2016 Q1: Time, Diversification & Volatility of Returns

Posted by on Apr 15, 2016 in MFA Quarterly Commentaries

Although it didn’t start that way, the first three months of 2016 produced moderately positive returns for client portfolios.  At the midpoint of the quarter we saw headlines in the Wall Street Journal such as: Stocks Tumble as Investors Flee to Safety”.  At times like this it can appear that we aren’t earning the returns we typically use in our long-term financial planning.  Investment returns are disappointingly low after two severe market corrections in the last fifteen years.

Being diversified among different types of stocks as well as fixed income (bonds) allows us to ride out the volatility that accompanies higher expected returns.  And riding things out is no small feat.  Following the weakness of global stocks over the last twelve months, it is a good time to point out that long-term stock market returns should continue to outperform bonds by a significant factor (especially with low rates).

Stock markets are inherently erratic and unpredictable in the short term but history shows that they should be expected to be more productive over the long run.  As the chart below indicates, there has not been a 20 year period in the 65 years since 1950 in which US stocks have earned less than 7% annually, shorter time frames include instances of losses.

Our attached performance reports don’t have a section that shows avoided losses but we have kept clients from many mistakes over the years.  The most common issue, with new clients especially, is too much cash sitting idle – which becomes a drag on long term performance.

Over the last few years, many investors have been tempted by advertisements trumpeting the promise of higher returns from high yield (junk) bond funds (6% + reported yields were not uncommon).   We have always avoided high yield bonds due to their “stock-like” risk – we don’t view them as a fixed income (bond) investment.  To prove our point, high yield bonds as measured by the SPDR Barclays High Yield Bond ETF are down nearly 8% in the last 12 months and -0.35% per year for the 3 year period ended 04/05/2016 (Source: Morningstar).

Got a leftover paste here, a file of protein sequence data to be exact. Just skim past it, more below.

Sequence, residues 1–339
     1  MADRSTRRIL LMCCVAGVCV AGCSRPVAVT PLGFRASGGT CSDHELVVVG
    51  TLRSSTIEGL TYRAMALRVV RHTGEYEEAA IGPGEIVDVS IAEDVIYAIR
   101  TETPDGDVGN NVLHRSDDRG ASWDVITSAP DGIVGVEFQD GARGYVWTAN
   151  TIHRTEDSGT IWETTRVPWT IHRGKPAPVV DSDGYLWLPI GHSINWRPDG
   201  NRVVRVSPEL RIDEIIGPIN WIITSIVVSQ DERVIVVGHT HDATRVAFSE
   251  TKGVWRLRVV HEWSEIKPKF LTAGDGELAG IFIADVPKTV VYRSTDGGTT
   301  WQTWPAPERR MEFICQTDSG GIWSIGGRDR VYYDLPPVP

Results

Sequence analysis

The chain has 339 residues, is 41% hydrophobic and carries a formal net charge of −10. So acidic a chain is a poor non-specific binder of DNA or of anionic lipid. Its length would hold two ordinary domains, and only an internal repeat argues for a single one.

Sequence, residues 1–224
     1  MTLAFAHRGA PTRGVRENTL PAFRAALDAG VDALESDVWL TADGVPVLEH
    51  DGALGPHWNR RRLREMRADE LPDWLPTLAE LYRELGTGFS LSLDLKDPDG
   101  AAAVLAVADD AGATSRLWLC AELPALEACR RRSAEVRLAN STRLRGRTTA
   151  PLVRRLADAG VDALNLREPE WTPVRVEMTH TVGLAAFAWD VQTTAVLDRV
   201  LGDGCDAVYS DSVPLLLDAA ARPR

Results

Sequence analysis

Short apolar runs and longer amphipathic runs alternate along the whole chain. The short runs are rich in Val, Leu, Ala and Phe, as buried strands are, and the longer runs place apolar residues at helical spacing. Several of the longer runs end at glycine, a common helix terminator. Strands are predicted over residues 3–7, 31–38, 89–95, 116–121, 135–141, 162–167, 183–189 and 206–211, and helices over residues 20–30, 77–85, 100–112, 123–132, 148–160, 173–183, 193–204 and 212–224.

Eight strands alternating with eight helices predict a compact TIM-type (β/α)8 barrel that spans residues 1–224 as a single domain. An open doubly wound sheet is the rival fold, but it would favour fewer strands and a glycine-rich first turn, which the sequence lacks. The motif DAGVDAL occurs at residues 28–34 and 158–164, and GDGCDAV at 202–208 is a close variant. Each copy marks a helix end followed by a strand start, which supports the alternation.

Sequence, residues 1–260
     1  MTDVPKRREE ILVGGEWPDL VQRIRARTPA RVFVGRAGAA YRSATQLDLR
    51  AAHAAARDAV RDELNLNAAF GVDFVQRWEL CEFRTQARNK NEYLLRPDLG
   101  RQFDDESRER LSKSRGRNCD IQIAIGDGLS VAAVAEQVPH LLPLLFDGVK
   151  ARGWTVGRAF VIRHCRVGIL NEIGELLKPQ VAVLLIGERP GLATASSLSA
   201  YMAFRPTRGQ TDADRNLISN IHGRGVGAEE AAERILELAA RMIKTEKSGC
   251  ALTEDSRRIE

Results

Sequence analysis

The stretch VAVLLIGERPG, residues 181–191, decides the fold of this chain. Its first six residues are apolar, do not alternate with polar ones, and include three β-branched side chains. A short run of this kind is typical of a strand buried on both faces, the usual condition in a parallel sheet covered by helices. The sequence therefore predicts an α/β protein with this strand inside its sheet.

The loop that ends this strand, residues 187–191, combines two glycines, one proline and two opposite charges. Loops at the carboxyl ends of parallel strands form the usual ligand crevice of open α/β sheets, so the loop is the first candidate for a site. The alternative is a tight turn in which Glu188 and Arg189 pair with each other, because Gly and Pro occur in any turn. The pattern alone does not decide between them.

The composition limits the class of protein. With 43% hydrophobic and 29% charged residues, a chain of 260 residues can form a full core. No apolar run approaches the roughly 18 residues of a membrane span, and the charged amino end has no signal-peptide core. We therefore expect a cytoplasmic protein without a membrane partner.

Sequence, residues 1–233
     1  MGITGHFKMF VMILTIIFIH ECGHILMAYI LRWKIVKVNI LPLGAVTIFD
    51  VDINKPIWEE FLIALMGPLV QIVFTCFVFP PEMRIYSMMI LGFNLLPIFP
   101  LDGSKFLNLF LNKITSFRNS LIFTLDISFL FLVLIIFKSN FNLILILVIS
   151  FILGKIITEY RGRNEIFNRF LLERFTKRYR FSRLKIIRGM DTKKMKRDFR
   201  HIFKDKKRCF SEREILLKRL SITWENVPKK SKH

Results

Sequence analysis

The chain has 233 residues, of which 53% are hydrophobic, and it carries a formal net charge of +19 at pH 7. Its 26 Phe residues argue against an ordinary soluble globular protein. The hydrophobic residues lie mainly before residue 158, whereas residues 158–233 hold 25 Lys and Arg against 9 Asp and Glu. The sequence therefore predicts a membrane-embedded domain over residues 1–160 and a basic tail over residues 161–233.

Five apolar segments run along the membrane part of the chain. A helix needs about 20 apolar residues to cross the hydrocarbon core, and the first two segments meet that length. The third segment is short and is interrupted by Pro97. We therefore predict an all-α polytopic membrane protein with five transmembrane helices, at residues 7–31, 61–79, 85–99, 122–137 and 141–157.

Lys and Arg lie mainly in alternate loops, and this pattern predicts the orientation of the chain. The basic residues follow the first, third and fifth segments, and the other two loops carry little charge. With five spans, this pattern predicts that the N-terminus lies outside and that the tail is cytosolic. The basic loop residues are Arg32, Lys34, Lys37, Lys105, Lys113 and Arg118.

Another area in which investors reached for yield has been master limited partnerships (MLPs – essentially companies that own oil and gas pipelines and were touted as safe toll takers).  Perhaps some of your friends bragged about “double digit” MLP returns a few years ago.  We’re guessing they may have neglected to keep you current.  As measured by an MLP index ETF (AMLP), master limited partnerships have been crushed in the last twelve months (down 32%).  When we considered MLPs years ago, we understood that a portion of those “returns” were investors principal coming back to them from an investment too concentrated in a single sector for our taste.

While we empathize with the concern with the low single digit returns over fairly long time periods from our globally diversified portfolios, we are confident that patience and perseverance will pay off.   It is impossible to know when overall returns will look more “normal”, what we can say with certainty is that we are at the long end of a period of historical global stock underperformance.

We’re happy to discuss this or other aspects of your financial or investment plan with you at your convenience.